Can You Learn Survival Skills In a Limited Timeframe?

Getting prepared for a SHTF situation can seem overwhelming, especially if this is a completely new area of information to you. There are so many things to learn: getting prepared, food, water, shelter, self-defense, the list goes on and on and on.

But what if you are pressed for time? Can you get prepared quickly or with a limited amount of available time to work with in your schedule? The answer is yes.

While being able to take time away to spend three days or more at a time out in the wilderness to learn where your weaknesses are and to sharpen your skills would be an ideal situation, you can learn the basics that you need to learn in a relatively short period of time if you are systematic about the process.

Tacticalintelligence.net recommends five basic steps in your systematic pursuit of becoming skilled at survival.

First, pick your training ground. Tacticalintelligence.net says,

“Ideally this would be a place that is near your home, is accessible during both the day and night, and has the resources you need to practice the various survival skills. This will be your training ground.

“Even if you can’t find a spot near your home, do not get discouraged. Your own backyard can be a great substitute. If you decide upon your backyard, for some of the exercises you’ll just need to bring the materials from other locations home with you.”

Next, you need to decide on the type of shelter that you will become proficient in building. Plan it out now. Figure out the materials and tools that you will need so that you either have them available or can procure them quickly and easily, and, then, build it, test your structure, refine your plans and methods, and retest your plans and structure. Do this as many times as necessary until you have it mastered at a level that you can do what is necessary in a pinch.

Third, learn how to find and purify drinking water. The importance of this cannot be overstated because, while you can survive a number of days without food, the same cannot be said about not having drinkable water.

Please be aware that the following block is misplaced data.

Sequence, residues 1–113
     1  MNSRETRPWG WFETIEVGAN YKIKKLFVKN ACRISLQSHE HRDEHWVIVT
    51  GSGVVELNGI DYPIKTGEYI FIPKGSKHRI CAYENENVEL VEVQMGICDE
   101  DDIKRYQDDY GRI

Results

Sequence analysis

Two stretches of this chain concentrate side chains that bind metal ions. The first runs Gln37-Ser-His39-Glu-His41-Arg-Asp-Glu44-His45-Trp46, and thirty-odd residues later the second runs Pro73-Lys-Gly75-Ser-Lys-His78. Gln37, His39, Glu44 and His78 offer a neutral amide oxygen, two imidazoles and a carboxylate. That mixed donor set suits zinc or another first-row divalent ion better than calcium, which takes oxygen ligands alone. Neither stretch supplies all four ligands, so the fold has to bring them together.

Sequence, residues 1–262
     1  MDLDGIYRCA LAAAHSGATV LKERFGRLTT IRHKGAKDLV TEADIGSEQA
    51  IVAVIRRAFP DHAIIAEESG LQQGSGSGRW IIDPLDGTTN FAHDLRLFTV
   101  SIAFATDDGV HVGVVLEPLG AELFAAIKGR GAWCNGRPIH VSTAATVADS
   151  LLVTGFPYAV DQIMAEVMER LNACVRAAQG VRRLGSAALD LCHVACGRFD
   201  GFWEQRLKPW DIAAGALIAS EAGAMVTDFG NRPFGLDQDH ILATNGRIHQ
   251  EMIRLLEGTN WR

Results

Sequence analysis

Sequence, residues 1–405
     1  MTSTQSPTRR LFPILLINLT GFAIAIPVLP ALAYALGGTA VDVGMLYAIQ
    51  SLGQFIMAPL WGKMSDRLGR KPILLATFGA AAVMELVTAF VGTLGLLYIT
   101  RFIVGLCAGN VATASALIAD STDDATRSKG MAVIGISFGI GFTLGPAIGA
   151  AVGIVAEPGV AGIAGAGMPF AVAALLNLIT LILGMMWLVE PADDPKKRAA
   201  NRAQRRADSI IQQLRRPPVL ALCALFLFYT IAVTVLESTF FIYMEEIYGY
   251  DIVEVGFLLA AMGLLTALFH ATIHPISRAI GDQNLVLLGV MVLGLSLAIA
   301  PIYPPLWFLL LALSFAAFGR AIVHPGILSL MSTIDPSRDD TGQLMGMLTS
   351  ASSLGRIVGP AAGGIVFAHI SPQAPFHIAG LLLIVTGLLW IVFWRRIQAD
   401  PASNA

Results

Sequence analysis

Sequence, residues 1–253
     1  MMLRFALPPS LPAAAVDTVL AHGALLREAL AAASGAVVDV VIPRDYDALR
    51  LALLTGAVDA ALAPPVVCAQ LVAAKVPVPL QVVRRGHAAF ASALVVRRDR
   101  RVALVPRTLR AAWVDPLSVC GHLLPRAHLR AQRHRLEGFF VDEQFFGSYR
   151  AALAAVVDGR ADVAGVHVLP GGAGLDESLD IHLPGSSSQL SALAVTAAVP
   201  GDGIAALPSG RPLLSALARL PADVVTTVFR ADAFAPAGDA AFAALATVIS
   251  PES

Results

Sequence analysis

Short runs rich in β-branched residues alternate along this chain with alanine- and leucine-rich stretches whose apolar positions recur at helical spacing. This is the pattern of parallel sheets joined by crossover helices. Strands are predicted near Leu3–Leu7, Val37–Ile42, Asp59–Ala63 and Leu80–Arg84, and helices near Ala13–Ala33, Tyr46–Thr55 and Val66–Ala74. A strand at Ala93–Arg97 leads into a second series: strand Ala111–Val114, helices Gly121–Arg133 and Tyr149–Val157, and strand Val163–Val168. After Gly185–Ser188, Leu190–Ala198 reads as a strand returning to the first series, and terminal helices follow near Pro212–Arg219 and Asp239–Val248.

Fourth, get good at making fires for both heat and cooking. Incredibly useful.

Fifth, get good at finding and preparing food.

The important part here is that, while these five steps give you a basic road map to follow, you must become systematic about learning these skills.  Plan an hour a week, if that is all that you have. Plan five hours a week, if you have that, but put it into your schedule and work on these skills, one at a time in order, until you have all five skills mastered, then revisit each skill set every few months so that you are always sharp an on point.

You don’t have to have a ton of time to become self-sufficient for a survival situation, but you do have to become focused about your skill development if you are limited on time.

What are your best recommendations about how to get prepared for a survival situation? Tell us below.

 
 

  • Paul Smith

    Start with what’s in the article. . .the basics. . .but don’t stop there. . .

    *First Aid
    * Living with Predators including snakes, spiders, ticks, fleas, mosquitoes, gnats, biting flies, ants
    * Emergency signaling – 3 fires/3 flags, large X from contrasting materials, smoke, mirror, whistle
    * Navigation – map & compass, dead reckoning, follow flowing water downhill, Find North Star – 4 ways,
    * Tool making – flint knapping, stick hardening, bow drill set/cordage, gill nets, gorge hook/thorn hook, trot lines, snares/traps, throw sticks, atlatl
    * Knots/Lashes
    * Foraging – medicine, Vitamin C,
    * Mental – loneliness, frustration, failure
    * Personal Care – Hair, teeth, skin, crotch, feet
    * Find poison oak, poison ivy and poison sumac (varies by area) in spring, summer and fall – LEARN IT!

    Get a good Wilderness Survival Manual (or three) – read it, practice it, reference it (you’ll forget when stress happens)
    Get a good Wilderness First Aid Manual
    Get a GOOD Wilderness Foraging Manual – inhale it.